lead solder water pipes
There are several potential sources of lead in your home plumbing that can get into your drinking water: The service line connecting the water main to your house could be made out of lead; the solder in your plumbing could have lead in it; and older brass faucets and valves can contain lead.
The City monitors a selection of homes that have lead service lines (homes built before 1961 may have lead service lines), or internal fixtures and plumbing that contain lead, or that have internal plumbing joined by lead solder (plumbing installed before 1987 may contain lead solder).
Use of Lead Free Pipes, Fittings, Fixtures, Solder and Flux for Drinking Water. The SDWA includes several exemptions from the lead free requirements, specifically for plumbing devices that are used exclusively for nonpotable services, as well as a list of specific products: toilets, bidets, urinals, fill valves, flushometer valves, fire hydrants,
Pmi’S Safe, Responsible Approach
In 1986, the U.S. Environmental Protection Agency (EPA) banned the use of lead pipes and lead solder in plumbing systems because lead is an insidious and dangerous poison.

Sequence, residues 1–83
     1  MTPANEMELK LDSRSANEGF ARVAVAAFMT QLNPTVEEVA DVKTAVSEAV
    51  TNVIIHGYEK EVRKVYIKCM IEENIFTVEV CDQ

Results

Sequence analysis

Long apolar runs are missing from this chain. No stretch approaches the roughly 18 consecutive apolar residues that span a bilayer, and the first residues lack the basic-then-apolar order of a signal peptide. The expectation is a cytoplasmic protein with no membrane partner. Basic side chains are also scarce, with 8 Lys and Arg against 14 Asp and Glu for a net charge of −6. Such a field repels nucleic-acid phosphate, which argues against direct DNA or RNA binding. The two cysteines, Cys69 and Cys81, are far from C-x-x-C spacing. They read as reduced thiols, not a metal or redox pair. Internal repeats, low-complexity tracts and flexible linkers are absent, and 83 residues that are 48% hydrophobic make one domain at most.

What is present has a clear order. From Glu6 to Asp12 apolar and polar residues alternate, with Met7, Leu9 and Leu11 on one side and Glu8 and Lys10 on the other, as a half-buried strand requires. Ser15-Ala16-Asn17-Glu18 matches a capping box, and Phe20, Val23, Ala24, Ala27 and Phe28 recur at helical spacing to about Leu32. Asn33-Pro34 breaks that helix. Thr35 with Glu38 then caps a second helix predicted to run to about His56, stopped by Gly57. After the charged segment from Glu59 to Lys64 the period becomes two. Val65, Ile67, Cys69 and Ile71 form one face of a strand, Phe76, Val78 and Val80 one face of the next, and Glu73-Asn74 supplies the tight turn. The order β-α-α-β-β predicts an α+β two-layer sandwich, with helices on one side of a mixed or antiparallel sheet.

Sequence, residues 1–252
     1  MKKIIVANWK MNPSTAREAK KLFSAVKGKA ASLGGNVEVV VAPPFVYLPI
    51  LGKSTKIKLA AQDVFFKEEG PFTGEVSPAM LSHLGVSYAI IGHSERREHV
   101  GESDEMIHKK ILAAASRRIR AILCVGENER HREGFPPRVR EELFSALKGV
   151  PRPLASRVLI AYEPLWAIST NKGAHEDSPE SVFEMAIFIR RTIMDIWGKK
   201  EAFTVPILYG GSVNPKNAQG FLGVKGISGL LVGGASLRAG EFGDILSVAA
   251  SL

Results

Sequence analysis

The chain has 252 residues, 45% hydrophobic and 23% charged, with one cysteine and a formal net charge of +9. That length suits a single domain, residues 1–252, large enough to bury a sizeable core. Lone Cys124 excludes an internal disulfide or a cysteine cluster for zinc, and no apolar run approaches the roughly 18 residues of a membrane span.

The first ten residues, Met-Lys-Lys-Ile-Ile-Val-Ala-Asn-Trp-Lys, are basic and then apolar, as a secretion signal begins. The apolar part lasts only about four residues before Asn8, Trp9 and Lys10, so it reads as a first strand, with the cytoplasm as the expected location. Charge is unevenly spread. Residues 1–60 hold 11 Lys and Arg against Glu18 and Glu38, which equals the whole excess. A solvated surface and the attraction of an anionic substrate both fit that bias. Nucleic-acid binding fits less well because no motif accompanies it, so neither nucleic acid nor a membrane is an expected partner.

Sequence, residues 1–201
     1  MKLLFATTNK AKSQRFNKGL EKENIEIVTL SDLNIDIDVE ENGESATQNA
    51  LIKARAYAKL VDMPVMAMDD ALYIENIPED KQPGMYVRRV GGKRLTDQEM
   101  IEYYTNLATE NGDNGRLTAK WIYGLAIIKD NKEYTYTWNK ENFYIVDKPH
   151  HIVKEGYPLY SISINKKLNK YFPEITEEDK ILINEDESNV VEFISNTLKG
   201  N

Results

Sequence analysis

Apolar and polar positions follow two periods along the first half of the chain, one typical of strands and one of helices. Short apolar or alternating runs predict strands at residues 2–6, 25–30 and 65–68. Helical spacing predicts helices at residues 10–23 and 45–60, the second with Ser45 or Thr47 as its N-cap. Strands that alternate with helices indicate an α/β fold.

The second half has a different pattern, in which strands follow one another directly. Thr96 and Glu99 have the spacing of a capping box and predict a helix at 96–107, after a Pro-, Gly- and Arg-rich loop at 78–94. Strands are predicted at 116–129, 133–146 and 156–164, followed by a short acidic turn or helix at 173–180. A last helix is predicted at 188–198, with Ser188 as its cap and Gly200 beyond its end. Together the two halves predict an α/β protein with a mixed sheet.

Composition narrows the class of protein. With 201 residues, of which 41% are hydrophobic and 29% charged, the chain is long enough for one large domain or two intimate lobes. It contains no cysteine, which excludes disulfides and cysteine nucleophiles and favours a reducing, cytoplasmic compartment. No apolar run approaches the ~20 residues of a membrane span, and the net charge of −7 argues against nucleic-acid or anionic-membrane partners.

Since the 1980s, use of lead solder for jointing copper pipes has been prohibited for plumbing systems supplying wholesome water for drinking, cooking or bathing. Under the Water Fittings Regulations, solder containing lead can be used only on non-drinking water installations where the water is not required to be wholesome, such as closed
Even so, lead still can be found in some metal water taps, interior water pipes, or pipes connecting a house to the main water pipe in the street. Lead found in tap water usually comes from the corrosion of older fixtures or from the solder that connects pipes. When water sits in leaded pipes for several hours, lead can leach into the water supply.
The major impact of the Act has been on solder containing 50% tin and 50% lead (50-50), until then the most widely used solder for drinking water systems. Lead-base solders have been replaced by tin-antimony and tin-silver solders.
The Safe Drinking Water Act (SDWA) has reduced the maximum allowable lead content — that is, content that is considered “lead-free” — to be a weighted average of 0.25 percent calculated across the wetted surfaces of pipes, pipe fittings, plumbing fittings, and fixtures and 0.2 percent for solder and flux.
Types of Solder. Buy lead-free solder that’s designed for copper water pipes; you’ll find it in the plumbing section of the store. Solder with lead is still available, but the lead can leach into your water supply, so …